Tuesday, November 15, 2005

Intelligent Design Theory Revealed

With the Dover, PA case, Intelligent Design (ID) theory is in the news. A local school board tried to legislate (the operative word is "legislate") that science teachers read a disclaimer to students that evolution is not universally accepted and that ID theory offers an alternative scientific perspective. Eventually the school board was voted out. But what is the real issue at hand here? On the one hand, knee-jerk reactions from staunch evolutionists were that this was a back-door attempt to introduce religion and "creationism" into the classroom. On the other hand, the appalling response from conservative Christian Pat Robertson was that Dover, Pennsylvanians should not bother calling on God should a future disaster come their way since they denied Him with their vote! Really now, why do extremist views get all the press?

First of all, ID theory is not a new brand of creation science. Anyone who understands the debate knows this. Creation science is based on a literal interpretation of the book of Genesis and tries to support a young earth, a worldwide flood, and a literal six-day creation timeframe among other things. ID theorists don't support these assertions at all. Authentic ID theorists and the related and growing critics of evolution are not presupposing a literal reading of the Bible, but rather are simply pointing out the real problems with neo-Darwinism and specifically the mechanism that drives evolutionary theory--random mutations and natural selection. Yea, but aren't they closet fundamentalists pushing their agenda through a new means? Hardly. A case in point is David Berlinski, avowed agnostic, and one of Darwinism's harshest critics, who debates along side ID theorists against macro-evolution (check link in title).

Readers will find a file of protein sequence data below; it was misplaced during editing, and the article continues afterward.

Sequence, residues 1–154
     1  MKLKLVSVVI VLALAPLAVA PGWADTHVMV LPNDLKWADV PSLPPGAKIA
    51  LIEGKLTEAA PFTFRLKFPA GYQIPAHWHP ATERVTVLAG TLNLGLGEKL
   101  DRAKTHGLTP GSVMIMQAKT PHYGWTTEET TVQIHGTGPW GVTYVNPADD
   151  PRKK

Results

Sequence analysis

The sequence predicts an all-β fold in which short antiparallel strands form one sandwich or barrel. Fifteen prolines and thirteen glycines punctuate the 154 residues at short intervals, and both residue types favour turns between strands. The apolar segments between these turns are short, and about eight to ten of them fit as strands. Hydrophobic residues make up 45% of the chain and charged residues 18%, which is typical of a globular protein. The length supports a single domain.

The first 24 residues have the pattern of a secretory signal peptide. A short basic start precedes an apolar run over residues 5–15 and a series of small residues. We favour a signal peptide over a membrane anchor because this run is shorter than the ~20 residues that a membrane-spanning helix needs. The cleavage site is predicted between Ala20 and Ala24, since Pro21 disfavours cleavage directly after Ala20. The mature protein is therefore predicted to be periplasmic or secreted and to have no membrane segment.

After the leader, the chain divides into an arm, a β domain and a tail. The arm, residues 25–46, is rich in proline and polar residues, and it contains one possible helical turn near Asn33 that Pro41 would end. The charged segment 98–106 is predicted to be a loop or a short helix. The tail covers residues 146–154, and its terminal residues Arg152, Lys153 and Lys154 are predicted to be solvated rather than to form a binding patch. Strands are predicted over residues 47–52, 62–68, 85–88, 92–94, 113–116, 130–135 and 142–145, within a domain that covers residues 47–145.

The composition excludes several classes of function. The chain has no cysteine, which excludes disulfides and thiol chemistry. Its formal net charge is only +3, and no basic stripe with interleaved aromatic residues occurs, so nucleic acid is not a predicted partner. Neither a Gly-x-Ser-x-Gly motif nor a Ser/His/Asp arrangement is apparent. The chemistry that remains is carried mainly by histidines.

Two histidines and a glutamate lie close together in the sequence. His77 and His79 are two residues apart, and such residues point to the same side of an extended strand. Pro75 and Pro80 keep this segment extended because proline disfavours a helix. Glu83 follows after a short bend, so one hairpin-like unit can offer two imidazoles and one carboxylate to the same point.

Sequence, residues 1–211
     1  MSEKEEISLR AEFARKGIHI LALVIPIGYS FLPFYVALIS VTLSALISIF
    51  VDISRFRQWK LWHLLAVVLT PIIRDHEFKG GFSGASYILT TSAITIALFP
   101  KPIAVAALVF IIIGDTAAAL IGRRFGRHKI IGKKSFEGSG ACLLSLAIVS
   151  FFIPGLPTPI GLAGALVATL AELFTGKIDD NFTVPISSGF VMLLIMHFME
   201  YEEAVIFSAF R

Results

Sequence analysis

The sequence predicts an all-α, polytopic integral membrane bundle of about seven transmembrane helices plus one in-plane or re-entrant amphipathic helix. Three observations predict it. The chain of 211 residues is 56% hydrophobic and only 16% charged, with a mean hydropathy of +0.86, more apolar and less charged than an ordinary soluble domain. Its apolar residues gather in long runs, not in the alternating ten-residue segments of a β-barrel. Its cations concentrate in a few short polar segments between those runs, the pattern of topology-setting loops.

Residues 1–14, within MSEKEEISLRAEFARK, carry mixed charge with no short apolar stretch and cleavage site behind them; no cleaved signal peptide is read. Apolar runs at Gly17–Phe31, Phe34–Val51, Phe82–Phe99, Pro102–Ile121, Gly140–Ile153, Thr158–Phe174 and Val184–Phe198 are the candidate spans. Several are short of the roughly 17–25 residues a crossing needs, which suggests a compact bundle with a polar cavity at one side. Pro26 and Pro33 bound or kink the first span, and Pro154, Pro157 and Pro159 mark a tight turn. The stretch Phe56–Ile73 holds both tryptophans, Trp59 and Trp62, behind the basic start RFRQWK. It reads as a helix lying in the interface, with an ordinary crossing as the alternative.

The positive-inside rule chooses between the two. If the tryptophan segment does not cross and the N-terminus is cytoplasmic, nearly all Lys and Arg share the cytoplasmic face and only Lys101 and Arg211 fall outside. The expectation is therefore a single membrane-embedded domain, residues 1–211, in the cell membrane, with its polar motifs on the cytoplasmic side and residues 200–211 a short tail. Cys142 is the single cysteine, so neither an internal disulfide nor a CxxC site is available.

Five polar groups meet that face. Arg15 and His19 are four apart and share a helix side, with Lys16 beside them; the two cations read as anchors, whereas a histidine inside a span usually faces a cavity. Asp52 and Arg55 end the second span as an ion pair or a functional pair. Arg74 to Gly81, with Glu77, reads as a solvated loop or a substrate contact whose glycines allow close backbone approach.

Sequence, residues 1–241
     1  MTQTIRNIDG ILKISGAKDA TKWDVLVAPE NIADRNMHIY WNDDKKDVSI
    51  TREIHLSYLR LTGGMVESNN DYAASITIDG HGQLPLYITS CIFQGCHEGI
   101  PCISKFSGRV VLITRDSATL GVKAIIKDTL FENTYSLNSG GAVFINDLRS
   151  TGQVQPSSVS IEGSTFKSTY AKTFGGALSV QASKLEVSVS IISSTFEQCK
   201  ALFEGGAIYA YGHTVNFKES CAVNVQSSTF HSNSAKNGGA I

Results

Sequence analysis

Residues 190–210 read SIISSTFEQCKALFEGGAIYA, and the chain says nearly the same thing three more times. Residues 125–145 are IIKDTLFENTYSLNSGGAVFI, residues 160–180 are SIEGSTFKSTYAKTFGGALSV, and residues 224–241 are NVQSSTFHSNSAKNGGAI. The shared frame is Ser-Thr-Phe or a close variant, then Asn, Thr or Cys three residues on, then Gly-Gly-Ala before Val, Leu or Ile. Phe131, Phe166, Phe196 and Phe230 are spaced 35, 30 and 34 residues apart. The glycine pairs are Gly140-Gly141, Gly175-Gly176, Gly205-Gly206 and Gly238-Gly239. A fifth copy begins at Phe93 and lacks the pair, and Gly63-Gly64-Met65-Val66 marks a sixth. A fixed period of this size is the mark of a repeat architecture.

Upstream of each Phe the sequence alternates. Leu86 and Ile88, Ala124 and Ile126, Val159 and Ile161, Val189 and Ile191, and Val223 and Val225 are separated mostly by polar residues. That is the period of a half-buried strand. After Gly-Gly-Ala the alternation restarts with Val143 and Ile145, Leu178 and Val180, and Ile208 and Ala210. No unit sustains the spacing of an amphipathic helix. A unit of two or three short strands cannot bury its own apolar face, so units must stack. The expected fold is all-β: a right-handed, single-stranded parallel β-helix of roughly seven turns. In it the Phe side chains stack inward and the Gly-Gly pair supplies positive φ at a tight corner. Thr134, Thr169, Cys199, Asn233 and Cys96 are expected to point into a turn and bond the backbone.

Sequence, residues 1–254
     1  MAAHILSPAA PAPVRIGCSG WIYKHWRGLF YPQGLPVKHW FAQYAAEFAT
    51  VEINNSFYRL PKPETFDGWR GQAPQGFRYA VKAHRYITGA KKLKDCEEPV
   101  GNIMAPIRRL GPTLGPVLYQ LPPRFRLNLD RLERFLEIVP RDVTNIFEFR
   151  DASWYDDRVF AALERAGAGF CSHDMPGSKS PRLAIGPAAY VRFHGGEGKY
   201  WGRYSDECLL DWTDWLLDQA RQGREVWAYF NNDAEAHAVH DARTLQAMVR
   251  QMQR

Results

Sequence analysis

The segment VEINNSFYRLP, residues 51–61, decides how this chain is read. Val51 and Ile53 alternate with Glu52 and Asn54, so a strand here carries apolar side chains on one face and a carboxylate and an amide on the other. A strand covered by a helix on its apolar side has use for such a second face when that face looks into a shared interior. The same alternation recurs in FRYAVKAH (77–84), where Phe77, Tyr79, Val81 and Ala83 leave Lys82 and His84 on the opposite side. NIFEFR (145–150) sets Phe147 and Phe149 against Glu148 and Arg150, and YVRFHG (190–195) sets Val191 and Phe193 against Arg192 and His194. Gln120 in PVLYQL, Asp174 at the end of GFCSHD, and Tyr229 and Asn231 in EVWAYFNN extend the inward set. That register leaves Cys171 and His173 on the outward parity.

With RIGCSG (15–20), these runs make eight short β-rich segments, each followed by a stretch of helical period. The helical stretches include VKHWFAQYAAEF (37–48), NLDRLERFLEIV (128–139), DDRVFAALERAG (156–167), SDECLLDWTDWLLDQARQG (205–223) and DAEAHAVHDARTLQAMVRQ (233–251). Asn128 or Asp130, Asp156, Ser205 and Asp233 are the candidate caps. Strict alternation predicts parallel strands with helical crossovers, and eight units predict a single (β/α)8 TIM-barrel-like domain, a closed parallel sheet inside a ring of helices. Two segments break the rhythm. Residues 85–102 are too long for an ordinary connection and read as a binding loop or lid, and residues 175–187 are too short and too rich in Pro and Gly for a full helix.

Second, the Dover school board probably did include Christians who wanted to use ID theory to fight evolution. Their mistake, I believe, was trying to legislate rather than encourage science teachers who choose, to bring the scientific literature that critiques Darwinism into the classroom. There is real discrimination to those who attempt this (one teacher in Bellingham, WA did this a few years ago and got the boot).

Finally, who does Pat Robertson think he is? Those who voted against the school board aren't necessarily against ID theory, but perhaps against legislating its promotion. Others probably are not well informed about it with all the hype and half-truths out there. And even if they are well informed, what happened to the grace of God?

2 comments:

mael brigde said...

i think the problem with intelligent design is that it isn't a scientific question, in that science is intended not to answer the unprovable questions--is there a God, for instance--but to ask and attempt to answer testable ideas. so whereas many scientists do believe in God, they wouldn't be introducing those ideas into a science class, but a class on philosophy or religion. i recall listening to a Fundamentalist Christian scientist speaking on the topic and he said--fundamentally--the same thing.

Michael said...

Mael,

Thanks for your good comments! I agree that a scientist shouldn't be introducing concepts of God into a science class. However, my point is that ID does not necessitate a discussion about God. Many scientists and academians (Michael Behe, Leheigh U., Philip Johnson, UC Berkeley, Michael Denton, Australian biologist) are seeing the problems with Darwin's natural selection mechanism explaining development of extremely complex living systems. They see scientific evidence of intelligent design in organisms. This flys in the face of the theory that natural selection thru random mutation explains all of life. This is objective scientific observation even by an agnostic, such as Berlinski. You could argue that theists or fundys are biased toward God in introducing ID, but you can not make that argument for someone like Berlinski who has no religious agenda.